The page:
Musgraves, owners of the Supervalu and Centra brands, have said any of their stores selling pay-as-you-go electricity and gas, display notices stating they charge fees for the service.
Retailers say they have been making losses on the top-up transactions.
This follows the revelation by the Money Advice and Budgeting Service that virtually all shops in a socially deprived Dublin suburb are imposing a surcharge of as much as 10% on the service that was set up to help households reduce arrears on utility bills.
At least 150,000 households top up energy cards several times a month, mostly in a Government-backed push to reduce the rate of disconnections.
An agreed percentage of each transaction goes towards reducing arrears.
Electric Ireland promises it will not cost more than the standard rate.
However, in May MABS found that seven out of nine shops in a Dublin suburb were imposing a 20 to 50 cent surcharge on each transaction.
In spite of MABS' protests, the surcharging was continuing late last month.
Airtricity described it as a "completely unacceptable practice" by "a small minority of retailers" while Electric Ireland and Bord Gáis Energy expressed strong opposition.
BWG Foods said it has been made aware of concerns of its independent retailers - Spar, Eurospar, Mace, Xpress Stop and XL - in relation to providing energy top services.
It said many retailers have seen a significant increase in the volume of transactions over the past 12 months and have said the fee agreed with the service provider does not in all cases cover the cost to the retailer.
BWG Foods said it is aware that a small number of retailers are implementing a surcharge, but "at no point has the company instructed its retailers in this regard".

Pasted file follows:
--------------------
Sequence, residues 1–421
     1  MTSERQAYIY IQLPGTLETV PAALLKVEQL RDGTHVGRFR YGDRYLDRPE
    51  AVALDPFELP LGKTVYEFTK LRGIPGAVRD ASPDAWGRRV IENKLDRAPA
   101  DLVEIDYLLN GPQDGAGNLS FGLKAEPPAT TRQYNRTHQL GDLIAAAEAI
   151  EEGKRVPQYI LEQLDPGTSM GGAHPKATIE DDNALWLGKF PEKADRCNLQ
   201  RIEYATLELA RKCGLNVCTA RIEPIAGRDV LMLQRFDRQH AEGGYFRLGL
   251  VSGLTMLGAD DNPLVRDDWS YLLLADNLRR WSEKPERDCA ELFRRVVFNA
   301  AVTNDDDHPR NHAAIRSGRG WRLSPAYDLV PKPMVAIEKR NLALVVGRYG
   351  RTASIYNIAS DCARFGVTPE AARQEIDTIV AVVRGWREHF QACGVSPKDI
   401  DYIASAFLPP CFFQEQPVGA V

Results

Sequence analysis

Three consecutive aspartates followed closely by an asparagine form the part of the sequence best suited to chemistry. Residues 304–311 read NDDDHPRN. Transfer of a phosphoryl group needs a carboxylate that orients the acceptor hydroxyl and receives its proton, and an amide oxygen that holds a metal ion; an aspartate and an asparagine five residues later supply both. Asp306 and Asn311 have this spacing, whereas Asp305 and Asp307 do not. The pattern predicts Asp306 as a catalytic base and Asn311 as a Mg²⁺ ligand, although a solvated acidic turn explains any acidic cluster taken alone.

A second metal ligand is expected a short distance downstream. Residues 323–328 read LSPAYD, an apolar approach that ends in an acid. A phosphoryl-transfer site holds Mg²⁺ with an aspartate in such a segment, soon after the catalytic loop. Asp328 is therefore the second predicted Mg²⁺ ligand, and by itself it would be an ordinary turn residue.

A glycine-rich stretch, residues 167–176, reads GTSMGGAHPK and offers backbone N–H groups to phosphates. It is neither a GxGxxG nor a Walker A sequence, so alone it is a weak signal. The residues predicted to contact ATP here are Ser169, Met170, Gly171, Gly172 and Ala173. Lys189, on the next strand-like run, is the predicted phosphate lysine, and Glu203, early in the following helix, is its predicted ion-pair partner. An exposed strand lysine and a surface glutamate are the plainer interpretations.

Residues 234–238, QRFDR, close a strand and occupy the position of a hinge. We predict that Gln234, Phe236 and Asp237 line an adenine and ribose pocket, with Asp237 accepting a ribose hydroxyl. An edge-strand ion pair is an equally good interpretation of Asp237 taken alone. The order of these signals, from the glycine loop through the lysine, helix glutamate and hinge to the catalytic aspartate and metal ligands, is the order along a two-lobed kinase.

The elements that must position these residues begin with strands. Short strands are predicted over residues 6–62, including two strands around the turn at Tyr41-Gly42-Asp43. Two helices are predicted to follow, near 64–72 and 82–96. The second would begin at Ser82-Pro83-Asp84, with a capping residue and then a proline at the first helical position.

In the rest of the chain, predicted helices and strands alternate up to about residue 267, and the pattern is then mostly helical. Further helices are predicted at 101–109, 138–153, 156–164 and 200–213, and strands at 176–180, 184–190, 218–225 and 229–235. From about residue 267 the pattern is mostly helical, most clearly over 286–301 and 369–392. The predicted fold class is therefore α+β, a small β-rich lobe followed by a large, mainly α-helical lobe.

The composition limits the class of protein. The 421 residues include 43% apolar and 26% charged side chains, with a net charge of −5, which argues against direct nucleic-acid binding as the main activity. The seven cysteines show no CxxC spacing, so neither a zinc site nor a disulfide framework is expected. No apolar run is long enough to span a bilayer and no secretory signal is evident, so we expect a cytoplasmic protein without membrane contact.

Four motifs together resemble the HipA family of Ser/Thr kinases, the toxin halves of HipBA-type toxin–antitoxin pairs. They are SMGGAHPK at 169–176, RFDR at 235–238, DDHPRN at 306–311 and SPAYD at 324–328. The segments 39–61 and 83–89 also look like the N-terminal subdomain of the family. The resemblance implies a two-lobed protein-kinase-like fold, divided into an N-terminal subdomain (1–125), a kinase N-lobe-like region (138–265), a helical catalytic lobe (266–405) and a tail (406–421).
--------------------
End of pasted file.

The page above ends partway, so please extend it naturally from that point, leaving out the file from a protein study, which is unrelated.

The company said it has raised the issue with the service providers and talks are ongoing on agreeing "a more fair and equitable" return for providing the service.
RGDATA has called on the utility companies to properly reimburse retailers for providing pay-as-you-go services in local shops.
The representative association said service providers have said that utility companies have consistently said they are not prepared to increase payments to retailers to cover the cost of providing the service.
PayPoint, one of the companies providing the pay-as-you-go service at retail shops, has said surcharging customers for cash transactions contravenes the contract retailers have signed with it and has already resulted in one shop being dropped from the scheme.
PayPoint claims the breach of contract occurs whether or not the retailer gives notice to customers beforehand.
It said it is also in the process of serving notice on other surcharging retailers.
The British-based electronic payments company said the situation has arisen because banks have recently increased charges for depositing cash by as much as 100%, which is having what it describes as "a devastating impact" on all small businesses including retailers.
PayPoint said it has been urgently exploring ways of helping its 320 or so retail partners to avoid having to make payments directly into banks and will make an announcement at the appropriate time if the initiatives are successful.